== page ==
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Monday, April 6, 2009

Prednisone Frequently Asked Questions

The most important information you need to know about prednisone.

What is prednisone?

Prednisone is a coticosteroid drug. It closely resembles a substance made by the adrenal glands. Steroids made by the human body work to reduce inflammation and to regulate the intake of salt. More steroids are produced by the body when it is stressed, such as with an illness.

How is prednisone taken?

Prednisone should be taken exactly as prescribed by the doctor. A physical will tailor the dosage to the needs of each individual patient. In order for prednisone to have the desired effect on the body, it must be taken at certain regular intervals. DO NOT stop taking prednisone suddenly. Prednisone is a drug that must be tapered slowly.

It is best to take prednisone with a meal or a snack to avoid stomach upset.

Why is prednisone prescribed?

Prednisone may be prescribed for many conditions including inflammatory bowel disease, allergic rhinitis (hay fever), rheumatoid arthritis, and ankylosing spondylitis.

What do I do if I miss a dose?

If you miss a dose, take it as soon as you remember. If your next dose should be taken soon, just take that dose. Don't double up, or take more than one dose at a time.

Who should not take prednisone?

Tell your doctor if you have ever had any of the following conditions:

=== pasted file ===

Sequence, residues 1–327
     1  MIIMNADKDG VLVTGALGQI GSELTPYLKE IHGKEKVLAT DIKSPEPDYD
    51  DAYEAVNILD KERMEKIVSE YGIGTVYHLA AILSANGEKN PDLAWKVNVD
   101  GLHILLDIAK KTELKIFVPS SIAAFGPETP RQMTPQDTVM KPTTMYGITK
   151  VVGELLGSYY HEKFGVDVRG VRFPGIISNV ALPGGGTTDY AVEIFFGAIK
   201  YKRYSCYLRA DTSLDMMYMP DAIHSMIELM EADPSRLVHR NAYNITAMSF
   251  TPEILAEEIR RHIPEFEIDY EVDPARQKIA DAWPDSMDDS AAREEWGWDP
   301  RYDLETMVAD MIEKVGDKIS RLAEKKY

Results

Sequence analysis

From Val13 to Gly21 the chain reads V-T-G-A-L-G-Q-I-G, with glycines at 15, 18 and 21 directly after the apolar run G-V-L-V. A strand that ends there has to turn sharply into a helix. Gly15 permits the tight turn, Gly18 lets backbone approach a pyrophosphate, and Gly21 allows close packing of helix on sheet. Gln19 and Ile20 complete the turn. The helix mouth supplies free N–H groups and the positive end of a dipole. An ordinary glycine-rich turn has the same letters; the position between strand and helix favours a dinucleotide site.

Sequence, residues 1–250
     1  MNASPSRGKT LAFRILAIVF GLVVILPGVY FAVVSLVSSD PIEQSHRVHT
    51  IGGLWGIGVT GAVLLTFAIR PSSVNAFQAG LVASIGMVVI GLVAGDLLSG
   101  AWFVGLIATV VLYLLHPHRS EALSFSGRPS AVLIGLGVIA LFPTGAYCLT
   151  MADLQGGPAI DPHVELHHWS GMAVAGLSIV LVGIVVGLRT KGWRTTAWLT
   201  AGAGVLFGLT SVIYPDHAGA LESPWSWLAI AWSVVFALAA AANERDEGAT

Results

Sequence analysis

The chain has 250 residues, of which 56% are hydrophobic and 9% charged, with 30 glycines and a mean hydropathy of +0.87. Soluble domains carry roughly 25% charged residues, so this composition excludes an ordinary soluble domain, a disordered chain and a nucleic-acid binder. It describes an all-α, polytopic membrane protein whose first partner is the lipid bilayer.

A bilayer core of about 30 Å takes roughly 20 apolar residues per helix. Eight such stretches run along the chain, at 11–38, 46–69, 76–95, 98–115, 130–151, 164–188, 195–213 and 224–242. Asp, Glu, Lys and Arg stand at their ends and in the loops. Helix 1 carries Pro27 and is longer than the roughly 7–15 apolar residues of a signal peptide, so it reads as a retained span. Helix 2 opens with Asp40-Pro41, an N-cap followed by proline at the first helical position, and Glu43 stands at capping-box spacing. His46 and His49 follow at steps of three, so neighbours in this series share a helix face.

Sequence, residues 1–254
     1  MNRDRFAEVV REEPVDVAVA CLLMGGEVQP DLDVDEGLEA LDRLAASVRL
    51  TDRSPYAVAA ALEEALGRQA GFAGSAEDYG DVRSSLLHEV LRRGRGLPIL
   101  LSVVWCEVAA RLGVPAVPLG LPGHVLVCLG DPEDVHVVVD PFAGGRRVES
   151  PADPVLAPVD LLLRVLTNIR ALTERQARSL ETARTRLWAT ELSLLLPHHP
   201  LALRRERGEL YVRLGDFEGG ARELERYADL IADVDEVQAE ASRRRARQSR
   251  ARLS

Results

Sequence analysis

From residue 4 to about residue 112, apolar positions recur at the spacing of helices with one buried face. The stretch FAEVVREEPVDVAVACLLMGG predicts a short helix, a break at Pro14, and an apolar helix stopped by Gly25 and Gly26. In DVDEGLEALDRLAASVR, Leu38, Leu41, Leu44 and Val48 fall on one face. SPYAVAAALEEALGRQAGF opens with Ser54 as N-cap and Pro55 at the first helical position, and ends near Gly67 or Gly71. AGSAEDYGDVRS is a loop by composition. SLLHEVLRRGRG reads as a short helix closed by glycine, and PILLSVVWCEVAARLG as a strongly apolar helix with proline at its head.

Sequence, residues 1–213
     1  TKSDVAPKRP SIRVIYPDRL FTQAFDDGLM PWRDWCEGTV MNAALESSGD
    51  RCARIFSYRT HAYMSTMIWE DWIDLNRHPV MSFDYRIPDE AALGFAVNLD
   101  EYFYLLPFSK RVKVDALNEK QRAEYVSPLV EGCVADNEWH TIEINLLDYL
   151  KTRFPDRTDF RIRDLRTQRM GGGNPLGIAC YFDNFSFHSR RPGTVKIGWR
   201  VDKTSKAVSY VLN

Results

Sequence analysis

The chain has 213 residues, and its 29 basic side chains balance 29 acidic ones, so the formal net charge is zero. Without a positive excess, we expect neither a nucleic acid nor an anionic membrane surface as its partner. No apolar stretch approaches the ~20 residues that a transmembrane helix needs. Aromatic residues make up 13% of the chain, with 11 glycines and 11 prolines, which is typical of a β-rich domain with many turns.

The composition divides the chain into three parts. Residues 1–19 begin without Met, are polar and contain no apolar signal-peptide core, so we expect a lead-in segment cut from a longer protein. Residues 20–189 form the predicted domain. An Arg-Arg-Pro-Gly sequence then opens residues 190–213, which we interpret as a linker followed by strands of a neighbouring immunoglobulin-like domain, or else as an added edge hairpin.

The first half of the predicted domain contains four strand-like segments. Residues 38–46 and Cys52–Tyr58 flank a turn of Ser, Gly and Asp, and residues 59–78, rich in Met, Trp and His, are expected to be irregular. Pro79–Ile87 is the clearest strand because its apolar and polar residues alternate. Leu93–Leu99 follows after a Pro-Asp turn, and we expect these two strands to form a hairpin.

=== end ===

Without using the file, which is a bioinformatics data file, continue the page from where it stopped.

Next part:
• Tuberculosis (active or inactive)
  • Herpes infection of eyes, lips, or genitals
  • Severe depression
  • High blood pressure
  • Currently pregnant

What are the side effects?

Other side effects can include increased appetite, weight gain, hair growth, acne, mood changes and difficulty sleeping. See the prednisone side effects page for a complete list.

Serious side effects of prednisone include cataracts, glaucoma, osteoporosis, and bone damage in hips. These side effects are permanent and occur only after long-term use.

What medications can prednisone interact with?

Prednisone may interact with the following medications:

  • Anticoagulants
  • Barbiturates
  • Cholestyramine (Questran)
  • Chronic high dose aspirin
  • Ephedrine (found in cold medications)
  • Ketoconazole
  • Phenobarbital
  • Phenytoin
  • Rifampin
  • Troleandomycin

Is prednisone safe during pregnancy?

The FDA has classified prednisone as a type C drug. This means that it is not known what effect pregnancy will have on an unborn baby. Notify the prescribing doctor if you become pregnant while taking prednisone. Prednisone does pass into breast milk, and could affect a nursing infant.

How long can prednisone be taken safely?

In most cases, it is advisable to taper off prednisone as soon as symptoms subside.

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